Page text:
July 4, 2023
The Reserve Bank decided to keep interest rates on hold at 4.1% because it thinks there’s a chance – just a chance – it has lifted them all it needs to.
In his statement released after Tuesday’s board meeting, Governor Philip Lowe said while inflation was still too high and set to remain so for some time yet, it had “passed its peak”.
Growth in the Australian economy had slowed and labour market conditions had eased, although they remained tight.
After 12 near-consecutive rate hikes, and in light of the “uncertainty surrounding the economic outlook”, it had decided to wait at least a month before hiking again until it knew more about the impact of what it has done on inflation and the health of the economy.
And when you compare Australians’ experience of rising rates with other countries, the Reserve Bank has already done more than many people realise.
Rising rates have hit Australian borrowers harder
Criticism of Australia’s Reserve Bank for not pushing up its cash rate as far as other countries overlooks an important difference between Australian borrowers and borrowers in those countries.
Yet Australia’s increase – from close to zero to 4.1% – has caused Australian borrowers much, much more pain than borrowers in those other countries.
That’s because an exceptionally large proportion of Australian mortgage holders are on variable rates: roughly 70%. That’s compared to 35% in Canada, 15% in the UK, 12% in New Zealand and less than 5% in the United States.
In the words of Australia’s Reserve Bank: “interest rates on loans with very long fixed-rate terms tend to be less sensitive to changes in the short-term rates”.
Back in February, the Reserve Bank’s estimate was that the interest rates actually paid on Australian mortgages had climbed two percentage points since it began pushing up rates.
In contrast – as this Reserve Bank chart shows – the rates actually paid in New Zealand had climbed by one and half percentage points, the rates in the UK by just half a percentage point, and the rates in the United States by very little at all.
And because mortgages themselves are so much bigger than they used to be, the dramatic increase in rates actually paid costs a lot more than it would have.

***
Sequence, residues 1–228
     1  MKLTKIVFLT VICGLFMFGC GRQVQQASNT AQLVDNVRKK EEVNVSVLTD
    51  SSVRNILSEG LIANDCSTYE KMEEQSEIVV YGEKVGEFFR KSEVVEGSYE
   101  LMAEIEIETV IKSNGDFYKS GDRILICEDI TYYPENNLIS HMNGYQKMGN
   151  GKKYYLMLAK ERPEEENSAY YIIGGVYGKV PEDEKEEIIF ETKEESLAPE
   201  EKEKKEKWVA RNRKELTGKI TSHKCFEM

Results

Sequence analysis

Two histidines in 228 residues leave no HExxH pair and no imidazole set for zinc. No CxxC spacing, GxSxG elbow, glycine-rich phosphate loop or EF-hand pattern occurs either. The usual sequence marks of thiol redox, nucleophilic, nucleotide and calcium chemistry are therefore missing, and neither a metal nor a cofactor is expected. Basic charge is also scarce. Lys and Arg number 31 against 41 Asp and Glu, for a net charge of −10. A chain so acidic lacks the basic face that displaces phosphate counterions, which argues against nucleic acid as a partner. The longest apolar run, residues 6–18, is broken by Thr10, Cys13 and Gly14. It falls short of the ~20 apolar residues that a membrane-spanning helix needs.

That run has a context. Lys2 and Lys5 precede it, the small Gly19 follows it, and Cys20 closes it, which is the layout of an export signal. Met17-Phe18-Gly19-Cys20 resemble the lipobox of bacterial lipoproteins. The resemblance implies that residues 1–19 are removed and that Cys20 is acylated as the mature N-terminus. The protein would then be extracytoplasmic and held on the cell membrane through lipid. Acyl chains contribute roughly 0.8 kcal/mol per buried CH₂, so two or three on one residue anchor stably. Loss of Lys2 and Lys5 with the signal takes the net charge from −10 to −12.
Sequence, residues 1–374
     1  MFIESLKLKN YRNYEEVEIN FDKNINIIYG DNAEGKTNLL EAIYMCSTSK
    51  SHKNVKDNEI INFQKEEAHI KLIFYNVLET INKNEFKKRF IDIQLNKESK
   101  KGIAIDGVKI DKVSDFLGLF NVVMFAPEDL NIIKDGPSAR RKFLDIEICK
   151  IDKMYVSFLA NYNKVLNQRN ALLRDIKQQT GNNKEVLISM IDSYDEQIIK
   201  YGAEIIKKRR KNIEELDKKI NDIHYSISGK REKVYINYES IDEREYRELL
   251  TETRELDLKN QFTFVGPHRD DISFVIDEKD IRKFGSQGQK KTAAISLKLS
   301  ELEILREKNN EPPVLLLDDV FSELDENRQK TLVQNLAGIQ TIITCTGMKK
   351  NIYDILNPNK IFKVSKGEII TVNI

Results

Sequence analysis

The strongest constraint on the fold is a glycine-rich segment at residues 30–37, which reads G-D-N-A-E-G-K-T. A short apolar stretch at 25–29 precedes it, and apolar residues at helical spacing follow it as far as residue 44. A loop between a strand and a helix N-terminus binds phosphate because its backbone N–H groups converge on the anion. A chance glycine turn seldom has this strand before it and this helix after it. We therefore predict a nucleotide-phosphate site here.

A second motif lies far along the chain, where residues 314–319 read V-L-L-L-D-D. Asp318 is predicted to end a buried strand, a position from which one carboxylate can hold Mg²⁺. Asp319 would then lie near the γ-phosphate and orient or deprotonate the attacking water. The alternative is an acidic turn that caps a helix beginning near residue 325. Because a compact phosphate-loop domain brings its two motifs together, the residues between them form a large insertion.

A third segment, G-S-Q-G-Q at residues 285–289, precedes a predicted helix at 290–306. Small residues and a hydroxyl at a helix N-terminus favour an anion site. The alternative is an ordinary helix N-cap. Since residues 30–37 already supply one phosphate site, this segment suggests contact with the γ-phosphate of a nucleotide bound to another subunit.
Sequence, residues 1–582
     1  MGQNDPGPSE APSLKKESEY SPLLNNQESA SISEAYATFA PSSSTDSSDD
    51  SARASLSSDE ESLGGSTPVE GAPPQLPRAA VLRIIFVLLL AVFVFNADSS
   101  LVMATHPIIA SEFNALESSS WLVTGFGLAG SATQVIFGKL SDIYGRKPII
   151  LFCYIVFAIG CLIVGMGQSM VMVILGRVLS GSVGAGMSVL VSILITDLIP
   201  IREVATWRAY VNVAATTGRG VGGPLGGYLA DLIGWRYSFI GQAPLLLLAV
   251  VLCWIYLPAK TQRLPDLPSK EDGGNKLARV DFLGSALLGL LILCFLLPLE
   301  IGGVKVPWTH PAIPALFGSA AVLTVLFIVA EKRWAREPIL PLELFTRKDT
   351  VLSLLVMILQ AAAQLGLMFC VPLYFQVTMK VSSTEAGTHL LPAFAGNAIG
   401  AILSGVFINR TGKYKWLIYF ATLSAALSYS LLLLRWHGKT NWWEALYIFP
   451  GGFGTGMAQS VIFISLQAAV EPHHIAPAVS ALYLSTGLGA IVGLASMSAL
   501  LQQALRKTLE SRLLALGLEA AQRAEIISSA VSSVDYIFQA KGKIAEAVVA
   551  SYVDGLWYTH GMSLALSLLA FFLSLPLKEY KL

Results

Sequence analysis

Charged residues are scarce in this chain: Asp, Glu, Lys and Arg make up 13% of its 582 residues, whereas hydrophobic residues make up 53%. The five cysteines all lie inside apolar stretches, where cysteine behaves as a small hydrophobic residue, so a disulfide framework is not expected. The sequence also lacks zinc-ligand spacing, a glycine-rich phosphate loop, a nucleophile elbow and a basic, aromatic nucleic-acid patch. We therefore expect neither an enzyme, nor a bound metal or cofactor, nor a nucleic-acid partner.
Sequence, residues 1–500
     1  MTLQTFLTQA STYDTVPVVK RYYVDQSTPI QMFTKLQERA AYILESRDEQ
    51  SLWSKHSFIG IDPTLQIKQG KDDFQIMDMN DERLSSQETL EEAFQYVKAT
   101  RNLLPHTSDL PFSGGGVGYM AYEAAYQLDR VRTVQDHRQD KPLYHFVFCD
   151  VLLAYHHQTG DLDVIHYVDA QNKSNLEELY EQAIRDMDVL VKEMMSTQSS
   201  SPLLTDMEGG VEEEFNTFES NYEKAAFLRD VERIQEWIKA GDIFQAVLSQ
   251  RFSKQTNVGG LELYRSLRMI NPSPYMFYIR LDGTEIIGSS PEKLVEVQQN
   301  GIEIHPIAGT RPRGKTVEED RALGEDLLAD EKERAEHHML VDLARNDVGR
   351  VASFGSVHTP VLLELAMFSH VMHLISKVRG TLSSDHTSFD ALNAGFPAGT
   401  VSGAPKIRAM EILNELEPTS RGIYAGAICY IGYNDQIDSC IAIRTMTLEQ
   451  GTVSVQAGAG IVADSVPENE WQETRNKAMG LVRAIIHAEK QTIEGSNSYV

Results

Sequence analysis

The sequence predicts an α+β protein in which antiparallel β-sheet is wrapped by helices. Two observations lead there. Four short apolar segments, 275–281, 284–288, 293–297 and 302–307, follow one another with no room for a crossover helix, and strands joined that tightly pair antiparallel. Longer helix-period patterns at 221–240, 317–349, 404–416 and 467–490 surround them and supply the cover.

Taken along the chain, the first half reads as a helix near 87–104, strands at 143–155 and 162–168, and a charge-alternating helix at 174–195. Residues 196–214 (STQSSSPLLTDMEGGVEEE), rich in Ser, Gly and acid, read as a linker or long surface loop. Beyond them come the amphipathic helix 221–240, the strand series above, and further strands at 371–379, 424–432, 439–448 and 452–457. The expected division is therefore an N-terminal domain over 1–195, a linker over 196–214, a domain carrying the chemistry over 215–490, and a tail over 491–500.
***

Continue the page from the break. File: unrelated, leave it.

Modelling by Ben Phillips at the ANU’s Centre for Social Research and Methods suggests that in the past two years, the average share of mortgaged households’ post-tax income devoted to payments has jumped from 17% to 25% – the biggest share in an awfully long time.
And it’s set to get worse, whatever the bank does to its cash rate.
The looming mortgage cliff
Usually, Australians take out very few fixed-rate mortgages. But in 2020 and 2021, we took out lots with fixed two- and three-year rates, when fixed rates were low.
As many as 880,000 of those fixed-rate terms are about to expire, pushing those borrowers from rates of around 2% (which might cost $2,100 per month to service) to rates nearer 5.5% (which might cost $3,000 to service).
The Reserve Bank itself expects 15% of borrowers to find themselves with negative cash flows in the coming months – meaning their incomings won’t match their outgoings and they’ll have to run down savings, work more hours, or tighten belts.
We’re already winding back spending. Although total retail spending has climbed 4.2% over the past year, prices have probably climbed 7% while the population has climbed 2%. This means the amount bought per person has shrunk sharply.
Recession is increasingly likely
At the start of this week, The Conversation’s expert forecasting panel assigned a 38% probability to a recession in Australia, much more than at the start of the year, but still less than 50% – meaning we might escape it.
The panel’s central forecast is for two more rate hikes this year, which it expects to be quickly unwound. If that happens, and if we escape a recession, the panel expects unemployment to climb only modestly over the year ahead while inflation glides down to 3.9% – within spitting distance of the Reserve Bank’s 2-3% target.
Lowe says getting things right means staying on a narrow path.
The case for living with higher inflation
That path might mean accepting a slower glide down in inflation than some would like, or even a higher end point – something closer to 3% than 2-3%.
Nobel prize-winning economist Paul Krugman this week suggested quietly abandoning the US inflation target (of 2%) once inflation dropped to a point where people no longer noticed it all the time, which he thought would be about 3-4%.
There would be a case for doing that here, so long as inflation was stable, predictable and no longer causing alarm. It’d help keep unemployment low.
In any event, we’re nowhere near there yet. The March quarter figure (the most recent quarterly inflation figure) put the annual inflation rate at 7%. The update due in three weeks will show how quickly we are moving toward 4%.
When we get there, Lowe or his successor (Lowe’s term expires in September) will have time to think about how important ultra-low inflation of 2-3% really is, and whether it is worth the cost to Australians of getting there.
Peter Martin is Economics Editor of The Conversation and a Visiting Fellow at the Crawford School of Public Policy at the Australian National University. A former Commonwealth Treasury official, he has worked as Economics Correspondent for the ABC and as Economics Editor of The Age. This article was originally published on The Conversation.
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